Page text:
According to Ayurveda, fats are used to promote healthy skin, support satiety and calm the nerves. On an Ayurvedic diet, it’s generally recommended to steer clear of trans fats and include plenty of vegetable-based fats and omega-3 fatty acids. Saturated fat is also encouraged in moderation by increasing your intake of foods like ghee, coconut oil and grass-fed beef.
All fats and oils contain fatty acids. You may be most familiar with Omega 3 fatty acids, found in fish oil. When you eat healthy fats and oils, the digestion process enables the fatty acids to be absorbed into the blood. Fatty acids are a component of fats and oils that become the building blocks of your body, helping to create cells membranes and nerve sheathing among other body functions.

Fat is a type of nutrient, and just like protein and carbohydrates, your body needs some fat for energy, to absorb vitamins, and to protect your heart and brain health. And despite what you may have been told, fat isn’t always the bad guy in the health and waistline wars. “Bad” fats, such as artificial trans fats and saturated fats, are guilty of the unhealthy things all fats have been blamed for—weight gain, clogged arteries, and so forth. But “good” fats such as unsaturated fats and omega-3s have the opposite effect. In fact, healthy fats play a huge role in helping you manage your moods, stay on top of your mental game, fight fatigue, and even control your weight.
The reality is, not all fats are created equal. Some are downright bad (like trans fats in margarines), some are misunderstood (like the saturated fat, lauric acid), and some fats are health heroes (like omega-3s). And, don’t get us wrong, eating foods that are packed with the wrong kinds of fat will make you fat, but with all the omegas, and monos, and polys out there, it can be kind of confusing which are which. To make things easier for you, we here at Eat This, Not That! found the best foods with good fats that you can add to your diet. But before you go off on a high-fat binge, remember that—like all food—even these healthy fats should be consumed in moderation.
Following a high monounsaturated fat diet can be beneficial for improving insulin sensitivity in both individuals who have, or do not have high blood sugar levels. One study found that following a high monounsaturated fat diet for three months managed to improve insulin sensitivity by up to nine percent (14). This was followed by another study which found participants who had metabolic syndrome and followed a high monounsaturated fat diet for twelve weeks had a significant reduction in insulin resistance (15).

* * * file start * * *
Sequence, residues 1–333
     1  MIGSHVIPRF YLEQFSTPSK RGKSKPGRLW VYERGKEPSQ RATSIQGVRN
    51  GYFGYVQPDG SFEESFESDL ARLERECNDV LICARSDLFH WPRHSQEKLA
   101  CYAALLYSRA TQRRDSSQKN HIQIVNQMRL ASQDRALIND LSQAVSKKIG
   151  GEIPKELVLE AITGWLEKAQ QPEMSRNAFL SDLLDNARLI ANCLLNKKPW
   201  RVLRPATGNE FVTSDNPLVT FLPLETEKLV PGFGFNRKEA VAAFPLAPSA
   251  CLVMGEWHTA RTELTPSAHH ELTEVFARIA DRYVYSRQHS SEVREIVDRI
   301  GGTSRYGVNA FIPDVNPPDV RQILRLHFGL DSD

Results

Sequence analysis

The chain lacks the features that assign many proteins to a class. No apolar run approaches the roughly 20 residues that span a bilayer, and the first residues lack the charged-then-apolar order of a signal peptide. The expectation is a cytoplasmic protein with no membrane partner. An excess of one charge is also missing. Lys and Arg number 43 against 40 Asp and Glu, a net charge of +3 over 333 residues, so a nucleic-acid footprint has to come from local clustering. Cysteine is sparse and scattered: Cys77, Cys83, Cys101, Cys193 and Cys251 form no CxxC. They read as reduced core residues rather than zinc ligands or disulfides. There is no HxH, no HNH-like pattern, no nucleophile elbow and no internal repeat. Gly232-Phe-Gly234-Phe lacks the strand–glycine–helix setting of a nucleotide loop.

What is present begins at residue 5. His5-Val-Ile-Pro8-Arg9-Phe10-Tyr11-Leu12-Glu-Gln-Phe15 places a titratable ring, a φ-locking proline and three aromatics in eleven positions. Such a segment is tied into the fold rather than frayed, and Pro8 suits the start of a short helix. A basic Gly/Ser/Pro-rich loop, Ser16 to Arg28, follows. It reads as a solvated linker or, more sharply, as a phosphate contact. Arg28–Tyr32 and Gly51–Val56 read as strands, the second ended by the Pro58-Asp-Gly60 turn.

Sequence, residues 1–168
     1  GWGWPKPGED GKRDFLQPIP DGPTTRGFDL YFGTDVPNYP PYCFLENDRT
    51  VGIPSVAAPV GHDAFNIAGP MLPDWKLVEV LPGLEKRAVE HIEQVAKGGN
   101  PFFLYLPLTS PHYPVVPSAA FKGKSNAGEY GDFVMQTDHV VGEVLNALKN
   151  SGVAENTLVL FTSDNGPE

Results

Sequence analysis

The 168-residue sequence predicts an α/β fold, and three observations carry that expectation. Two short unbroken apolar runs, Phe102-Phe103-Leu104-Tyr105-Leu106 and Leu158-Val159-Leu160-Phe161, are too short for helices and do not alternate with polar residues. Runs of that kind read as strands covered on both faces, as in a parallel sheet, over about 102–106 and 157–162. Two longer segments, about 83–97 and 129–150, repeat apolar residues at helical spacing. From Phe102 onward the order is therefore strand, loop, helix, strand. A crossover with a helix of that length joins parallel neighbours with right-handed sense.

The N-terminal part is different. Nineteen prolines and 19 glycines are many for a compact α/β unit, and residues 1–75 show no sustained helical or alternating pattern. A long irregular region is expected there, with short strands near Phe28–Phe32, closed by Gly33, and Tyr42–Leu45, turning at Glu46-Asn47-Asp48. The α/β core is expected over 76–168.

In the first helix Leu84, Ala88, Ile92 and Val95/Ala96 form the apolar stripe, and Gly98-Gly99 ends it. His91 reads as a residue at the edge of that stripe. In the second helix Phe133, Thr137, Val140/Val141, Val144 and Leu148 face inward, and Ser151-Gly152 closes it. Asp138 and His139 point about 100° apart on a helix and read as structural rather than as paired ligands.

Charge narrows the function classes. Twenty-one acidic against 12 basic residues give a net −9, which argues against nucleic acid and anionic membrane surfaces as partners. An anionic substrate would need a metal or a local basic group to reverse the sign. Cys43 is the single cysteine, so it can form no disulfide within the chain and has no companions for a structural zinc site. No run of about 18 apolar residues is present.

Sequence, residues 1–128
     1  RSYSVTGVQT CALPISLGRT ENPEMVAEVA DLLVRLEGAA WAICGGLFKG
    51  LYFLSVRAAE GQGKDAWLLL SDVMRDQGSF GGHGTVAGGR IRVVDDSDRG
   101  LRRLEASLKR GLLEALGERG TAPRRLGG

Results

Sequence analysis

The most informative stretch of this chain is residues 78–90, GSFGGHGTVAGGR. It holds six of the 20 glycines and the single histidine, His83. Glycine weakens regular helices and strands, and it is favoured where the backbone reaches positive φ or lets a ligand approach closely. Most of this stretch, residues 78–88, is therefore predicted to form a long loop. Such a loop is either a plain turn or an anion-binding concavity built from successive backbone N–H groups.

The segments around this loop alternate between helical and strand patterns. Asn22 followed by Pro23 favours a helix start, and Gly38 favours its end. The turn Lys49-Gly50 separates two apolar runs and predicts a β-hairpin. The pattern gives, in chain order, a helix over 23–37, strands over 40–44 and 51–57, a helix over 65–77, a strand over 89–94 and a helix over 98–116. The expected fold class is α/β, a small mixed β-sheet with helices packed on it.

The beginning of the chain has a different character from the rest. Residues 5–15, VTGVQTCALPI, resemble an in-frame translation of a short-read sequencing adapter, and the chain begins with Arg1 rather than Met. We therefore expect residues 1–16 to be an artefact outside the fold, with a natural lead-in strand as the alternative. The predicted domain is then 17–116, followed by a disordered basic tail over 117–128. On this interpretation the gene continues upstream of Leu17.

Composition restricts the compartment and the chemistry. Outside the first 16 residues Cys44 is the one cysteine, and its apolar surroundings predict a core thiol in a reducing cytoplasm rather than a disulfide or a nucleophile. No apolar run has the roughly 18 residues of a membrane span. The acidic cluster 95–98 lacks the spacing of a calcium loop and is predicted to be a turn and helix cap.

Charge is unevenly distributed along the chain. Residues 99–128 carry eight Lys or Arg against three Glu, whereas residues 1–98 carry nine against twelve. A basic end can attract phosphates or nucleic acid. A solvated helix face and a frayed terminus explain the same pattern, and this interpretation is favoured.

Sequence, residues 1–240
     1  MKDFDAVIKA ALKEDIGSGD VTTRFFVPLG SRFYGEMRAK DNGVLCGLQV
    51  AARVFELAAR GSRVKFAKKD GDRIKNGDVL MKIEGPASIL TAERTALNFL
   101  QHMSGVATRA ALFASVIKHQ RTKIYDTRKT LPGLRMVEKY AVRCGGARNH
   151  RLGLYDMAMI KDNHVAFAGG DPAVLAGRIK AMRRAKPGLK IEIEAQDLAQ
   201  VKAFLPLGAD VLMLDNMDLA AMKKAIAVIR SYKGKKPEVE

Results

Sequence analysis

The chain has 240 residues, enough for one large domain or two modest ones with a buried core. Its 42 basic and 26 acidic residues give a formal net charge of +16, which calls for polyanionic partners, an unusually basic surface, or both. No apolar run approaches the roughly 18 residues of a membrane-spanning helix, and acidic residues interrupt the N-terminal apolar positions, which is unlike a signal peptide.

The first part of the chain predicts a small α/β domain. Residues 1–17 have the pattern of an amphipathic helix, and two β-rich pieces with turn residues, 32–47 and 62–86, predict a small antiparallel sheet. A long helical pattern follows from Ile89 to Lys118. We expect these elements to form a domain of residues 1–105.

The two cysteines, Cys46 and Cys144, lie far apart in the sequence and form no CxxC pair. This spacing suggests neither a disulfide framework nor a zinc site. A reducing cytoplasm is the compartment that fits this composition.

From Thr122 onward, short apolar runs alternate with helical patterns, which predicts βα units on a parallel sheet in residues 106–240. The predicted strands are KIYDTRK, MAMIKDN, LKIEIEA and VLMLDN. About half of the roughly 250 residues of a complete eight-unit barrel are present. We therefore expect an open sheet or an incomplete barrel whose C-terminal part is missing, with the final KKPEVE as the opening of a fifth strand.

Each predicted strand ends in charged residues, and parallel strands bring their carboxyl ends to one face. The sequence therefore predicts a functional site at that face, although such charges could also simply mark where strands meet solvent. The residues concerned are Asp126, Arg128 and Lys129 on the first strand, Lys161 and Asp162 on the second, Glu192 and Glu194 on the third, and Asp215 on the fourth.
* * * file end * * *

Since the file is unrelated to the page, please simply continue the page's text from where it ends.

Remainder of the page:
Saturated fats are generally solid or waxy at room temperature and come mostly from animal products, with the exception of tropical oils. Taking in too much saturated fat is linked with raising levels of “bad” LDL cholesterol in the blood and increasing internal inflammation. Healthy adults should limit their saturated fat intake to no more than 10% of total calories. For a person eating a 2000 calorie diet, this would be 22 grams of saturated fat or less per day. If you have elevated LDL cholesterol levels, it is recommended to reduce saturated fat intake to no more than 7% of total calories. Foods high in saturated fat include: 

The contents of this website are for educational purposes and are not intended to offer personal medical advice. You should seek the advice of your physician or other qualified health provider with any questions you may have regarding a medical condition. Never disregard professional medical advice or delay in seeking it because of something you have read on this website. The Nutrition Source does not recommend or endorse any products.

Hi, and Thank you for a very interesting website. I read the newsletters with curiousity and I learn new things. I am a Norwegian woman who started with LCHF diet/ keto three months ago. My motivation was serious healthchallenges with IBS, which became increasingly difficult after an gut infection last summer. My gut is much better! Not “perfect”, but the difference from three months ago is huge. My energy level is also coming back to normal, and even better! I have a question about canola oil. I am confused. I thought it was healthy, and that the balance between omega 3 and 6 was good. Canola oil is a preferred oil, together with olive oil, coconut oil and butter, on dietdoctor.com and other lowcarb-websites and books. So I wonder, why is it in your opinion on the “not to eat” list? Is it something that happens with it during the process of production? Or? Kind Regards, Mona Sommer